With countless teens struggling in school, the stakes are higher than every before.
Turnaround Tools for the Teenage Brain offers teachers research-based and classroom-tested strategies that prove every student (no matter what their past experience) can learn and succeed, if you know how to do it. This new book shows you how to do.
Education experts Eric Jensen and Carole Snider reveal one powerful tool after another to help teachers, parents and support staff be the real difference-makers in their student’s lives. Drawing on cutting-edge science, this breakthrough book outlines the core mindsets and actionable strategies that are needed to increase student effort, build attitudes, and improve behaviors.
Step by step, teachers can learn how to tap into a student’s internal motivation to help them become determined learners. The authors also offer guidelines on how and when to use “workarounds” or lasting interventions that rely on the “rules” of how the brain changes. In addition, the authors include vital information on the role of nutrition, exercise, and life balance on academic achievement.
From the very first chapter, to the final page, you’ll find solutions to many of your toughest challenges so they can become become excited, lifelong learners.
Praise for Turnaround Tools for the Teenage Brain
“I highly recommend this book for all secondary educators. Jensen and Snider have written a teacher-friendly book filled with proactive strategies to reclaim struggling students.” —Dr. Sheryl Feinstein, Department Chair, Education, Augustana College, Sioux Falls, SD; author, Secrets of the Teenage Brain
Eric Jensen, CEO of Jensen Learning, is a former teacher and cofounder of SuperCamp, the nation’s most innovative and largest academic enrichment program. He is the author of numerous popular books about teaching and brain-based education, including Teaching With Poverty in Mind (ASCD) and Enriching the Brain (Jossey-Bass).
Carole Snider is a former teacher and school counselor. She serves on the state governing board for Ohio school counselors, is an adjunct professor, and recently authored the graduate course, Succeeding with Students of Poverty.
This book clearly shows you how to succeed with teens. Research, background and classroom-tested strategies you can use immediately.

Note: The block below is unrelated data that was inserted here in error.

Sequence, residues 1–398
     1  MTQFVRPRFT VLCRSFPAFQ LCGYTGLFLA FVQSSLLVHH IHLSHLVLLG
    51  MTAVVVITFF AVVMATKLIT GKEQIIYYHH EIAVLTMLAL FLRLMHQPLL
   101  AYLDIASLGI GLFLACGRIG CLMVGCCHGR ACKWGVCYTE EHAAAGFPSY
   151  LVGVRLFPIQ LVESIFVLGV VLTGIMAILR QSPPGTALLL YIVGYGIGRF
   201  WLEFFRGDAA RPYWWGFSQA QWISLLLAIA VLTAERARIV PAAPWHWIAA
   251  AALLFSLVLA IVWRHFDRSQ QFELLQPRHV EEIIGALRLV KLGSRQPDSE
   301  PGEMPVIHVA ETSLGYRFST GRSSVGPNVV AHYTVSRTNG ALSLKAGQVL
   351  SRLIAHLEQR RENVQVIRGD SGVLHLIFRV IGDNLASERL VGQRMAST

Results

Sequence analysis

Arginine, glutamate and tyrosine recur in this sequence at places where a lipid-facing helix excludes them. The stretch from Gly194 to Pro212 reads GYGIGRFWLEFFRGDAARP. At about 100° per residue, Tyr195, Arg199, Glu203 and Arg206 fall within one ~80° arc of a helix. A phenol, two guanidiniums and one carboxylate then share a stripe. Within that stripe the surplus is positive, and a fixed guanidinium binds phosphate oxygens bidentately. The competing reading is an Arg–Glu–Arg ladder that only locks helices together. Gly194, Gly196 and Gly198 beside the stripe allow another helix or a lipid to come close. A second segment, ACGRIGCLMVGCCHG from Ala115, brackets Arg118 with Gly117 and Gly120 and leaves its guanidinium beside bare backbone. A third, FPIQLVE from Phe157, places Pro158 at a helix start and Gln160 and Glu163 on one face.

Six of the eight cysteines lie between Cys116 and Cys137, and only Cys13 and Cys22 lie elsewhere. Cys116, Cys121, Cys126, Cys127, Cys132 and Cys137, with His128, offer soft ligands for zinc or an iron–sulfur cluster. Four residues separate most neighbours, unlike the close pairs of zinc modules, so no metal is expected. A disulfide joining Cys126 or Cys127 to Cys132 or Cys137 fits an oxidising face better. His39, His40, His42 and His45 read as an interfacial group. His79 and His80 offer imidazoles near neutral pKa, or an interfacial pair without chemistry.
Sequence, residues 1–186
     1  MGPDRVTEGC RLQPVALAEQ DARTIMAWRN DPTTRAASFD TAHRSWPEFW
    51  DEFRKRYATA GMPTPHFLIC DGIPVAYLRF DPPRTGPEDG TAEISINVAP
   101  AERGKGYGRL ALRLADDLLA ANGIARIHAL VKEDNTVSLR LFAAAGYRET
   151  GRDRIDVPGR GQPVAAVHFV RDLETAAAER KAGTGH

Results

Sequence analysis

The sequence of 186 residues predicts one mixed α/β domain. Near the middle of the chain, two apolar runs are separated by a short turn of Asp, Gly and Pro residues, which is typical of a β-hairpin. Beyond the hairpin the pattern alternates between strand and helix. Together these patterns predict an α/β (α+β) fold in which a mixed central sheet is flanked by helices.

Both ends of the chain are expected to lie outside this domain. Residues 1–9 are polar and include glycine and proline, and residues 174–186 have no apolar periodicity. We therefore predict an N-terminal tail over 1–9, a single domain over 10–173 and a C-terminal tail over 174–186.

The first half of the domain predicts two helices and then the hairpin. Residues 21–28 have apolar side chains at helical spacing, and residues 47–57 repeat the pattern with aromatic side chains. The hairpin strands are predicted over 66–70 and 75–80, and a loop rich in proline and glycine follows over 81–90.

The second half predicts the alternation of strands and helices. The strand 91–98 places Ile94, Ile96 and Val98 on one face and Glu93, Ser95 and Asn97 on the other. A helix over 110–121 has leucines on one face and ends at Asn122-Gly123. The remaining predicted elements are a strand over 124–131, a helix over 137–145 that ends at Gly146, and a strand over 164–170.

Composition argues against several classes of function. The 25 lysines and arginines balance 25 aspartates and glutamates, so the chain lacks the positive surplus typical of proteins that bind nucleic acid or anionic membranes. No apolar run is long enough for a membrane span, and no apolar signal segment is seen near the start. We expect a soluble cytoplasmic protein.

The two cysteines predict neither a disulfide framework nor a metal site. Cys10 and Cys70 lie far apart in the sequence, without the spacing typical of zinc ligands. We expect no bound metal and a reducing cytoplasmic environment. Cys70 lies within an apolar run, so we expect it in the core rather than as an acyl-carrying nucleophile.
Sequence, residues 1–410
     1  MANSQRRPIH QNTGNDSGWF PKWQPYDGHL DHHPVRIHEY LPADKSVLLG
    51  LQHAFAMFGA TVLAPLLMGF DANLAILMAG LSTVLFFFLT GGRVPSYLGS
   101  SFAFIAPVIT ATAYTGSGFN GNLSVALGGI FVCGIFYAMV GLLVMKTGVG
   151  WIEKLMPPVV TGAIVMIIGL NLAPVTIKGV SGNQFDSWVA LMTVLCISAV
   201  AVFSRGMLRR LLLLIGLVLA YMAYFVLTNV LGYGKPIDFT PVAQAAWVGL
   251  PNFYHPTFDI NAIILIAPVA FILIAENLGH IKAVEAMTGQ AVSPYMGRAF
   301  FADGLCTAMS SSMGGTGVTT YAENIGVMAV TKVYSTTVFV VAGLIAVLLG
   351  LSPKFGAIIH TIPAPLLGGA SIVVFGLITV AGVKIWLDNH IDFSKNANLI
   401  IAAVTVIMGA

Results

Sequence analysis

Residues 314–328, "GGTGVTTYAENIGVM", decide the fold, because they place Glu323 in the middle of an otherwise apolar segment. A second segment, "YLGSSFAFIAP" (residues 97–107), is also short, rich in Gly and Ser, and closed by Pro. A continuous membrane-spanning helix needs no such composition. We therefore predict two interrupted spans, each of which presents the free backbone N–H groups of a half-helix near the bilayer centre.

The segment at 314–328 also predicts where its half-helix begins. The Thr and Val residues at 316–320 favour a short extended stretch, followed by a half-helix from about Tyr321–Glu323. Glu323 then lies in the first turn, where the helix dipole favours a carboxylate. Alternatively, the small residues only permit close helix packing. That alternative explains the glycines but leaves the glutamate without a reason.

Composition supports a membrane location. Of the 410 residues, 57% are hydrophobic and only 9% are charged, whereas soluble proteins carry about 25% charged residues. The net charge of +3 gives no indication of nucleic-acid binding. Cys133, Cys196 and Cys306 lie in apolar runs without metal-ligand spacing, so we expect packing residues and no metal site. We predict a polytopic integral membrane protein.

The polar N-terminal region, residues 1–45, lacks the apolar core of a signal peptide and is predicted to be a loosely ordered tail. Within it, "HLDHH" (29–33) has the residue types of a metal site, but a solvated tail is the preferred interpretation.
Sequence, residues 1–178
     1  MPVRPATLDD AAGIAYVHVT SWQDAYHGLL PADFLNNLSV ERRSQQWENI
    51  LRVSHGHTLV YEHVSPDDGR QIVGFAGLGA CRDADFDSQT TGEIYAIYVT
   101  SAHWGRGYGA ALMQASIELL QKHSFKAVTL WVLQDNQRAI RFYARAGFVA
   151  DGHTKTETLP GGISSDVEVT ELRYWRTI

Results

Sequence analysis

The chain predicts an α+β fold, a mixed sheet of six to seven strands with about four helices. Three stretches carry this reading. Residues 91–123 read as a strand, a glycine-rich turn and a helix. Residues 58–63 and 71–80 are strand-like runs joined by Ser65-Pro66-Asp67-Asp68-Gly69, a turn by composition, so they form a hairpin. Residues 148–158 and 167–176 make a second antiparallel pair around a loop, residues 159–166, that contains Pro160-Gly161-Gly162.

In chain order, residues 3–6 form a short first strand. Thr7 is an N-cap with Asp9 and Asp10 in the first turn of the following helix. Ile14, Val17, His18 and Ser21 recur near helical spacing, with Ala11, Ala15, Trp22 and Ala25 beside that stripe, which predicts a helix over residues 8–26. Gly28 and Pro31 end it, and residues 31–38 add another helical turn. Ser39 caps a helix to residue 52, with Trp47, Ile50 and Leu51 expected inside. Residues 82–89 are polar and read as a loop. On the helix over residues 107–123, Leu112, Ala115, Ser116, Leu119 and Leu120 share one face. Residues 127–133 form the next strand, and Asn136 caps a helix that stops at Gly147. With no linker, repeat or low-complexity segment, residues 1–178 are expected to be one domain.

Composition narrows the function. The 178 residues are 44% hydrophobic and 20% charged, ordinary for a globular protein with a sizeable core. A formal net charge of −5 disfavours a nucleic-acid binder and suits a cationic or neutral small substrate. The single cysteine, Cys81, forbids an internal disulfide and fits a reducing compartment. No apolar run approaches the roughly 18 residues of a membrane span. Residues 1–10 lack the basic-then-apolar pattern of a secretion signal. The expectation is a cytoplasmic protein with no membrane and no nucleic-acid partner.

This is the book that gives you immediate tools, right away.
164 pages of inspiring ideas, inspiring stories and focused strategies.
You can purchase the book at Amazon by clicking here. Kindle version available now.
Our featured “Extreme School” is one of the nation’s largest Title 1 elementary schools in the country. At one time, it had 2,000 students. Today, the district helped reduce the student load to “only” 1,000 students. Many of the students come from a community of poor and immigrant families. Almost none speak English when they arrive.
How does this school perform?
THE CHALLENGES TO SUCCESS:
The two biggest challenges for academic success are: 1) poverty and 2) non- English speaking students. This school has BOTH issues. Most of the school’s nearly 1,000 students come from immigrant Central American and Korean families. The data shows over 90 percent of the students were living below the poverty level, and ALL were from immigrant families, with a language other than English as a first language. You think your school has ELL issues? This school would rank right up near the top in ALL challenges.
If this were your school, how would you react? Would you find another school to work at, one less challenging? Or, could you honestly say you would do everything possible to make miracles happen at this school? After all, teaching is easy. Teaching well is hard.
HOW DID THEY MAKE MIRACLES HAPPEN?
The story is about one amazing Title 1 teacher who made a difference in the entire school. He changed the culture and changed the lives of thousands along the way.
Today, the school staff is not perfect, but pretty amazing. First, the staff knows there are no excuses for underperforming students. The staff KNOWS that every kid can achieve.
How do they know that? (more…)
For some, a new school year will start this month. If not, this message is just as important to you. I’ll address the importance of the “impossible” in your job, in students and in schools. This post is about impossibility, expectancy, student predictions, high goals and of course, the brain.
But first, I begin with a true story…
A few years ago, Diane and I hired a handyman to replace a cluster of smaller windows with a bigger window. We knew the bigger dining room window would help us enjoy the view more and we reconnected with a trusted guy (Martin) who had done work for us before. After he took out the old windows and prepped the area for the installation of the big new picture window, the main event was about to happen. Only one problem, though…the new window was going in on the second floor and it was too big to take through the house and up the stairs to the second floor. This meant the heavy 6’ x 6’ glass window had to be brought up on the outside. (more…)
Let’s focus on how to prevent or reduce the effects of cognitive decline. This issue may apply to a family member, or even yourself. After all, every 68 seconds another American is diagnosed with Alzheimer’s disease and it’s a cold, cruel way to die.
When our thinking and memory capacity becomes diminished (by a stroke, trauma, aging or Alzheimer’s) we begin to lose our sense of self and we frustrate those around us. The good news is that there are some well-researched approaches that can make dramatic differences in brain health. The first thing you can do is… (more…)
I am embarrassed to say that I am as guilty as a convicted felon.
As a former middle school teacher, I often used the phrase, “Pay attention!” Now you hear me telling you to never, ever say that.
Why? It seems innocent enough.
Well, first of all, it’s terrible teaching. It’s NOT at all “brain-based teaching.” In fact, it’s one more example of why many kids learn to dislike school more, every year they go. First graders are so pumped up, but by the time some kids make it to their last year in school, they’ve learned that school is not for them. If we do not count the high school certificates and equivalencies, only 70% of our nation’s kids graduate overall. The rates for Hispanics, African-Americans and Native Americans are under 50% in most areas of the US.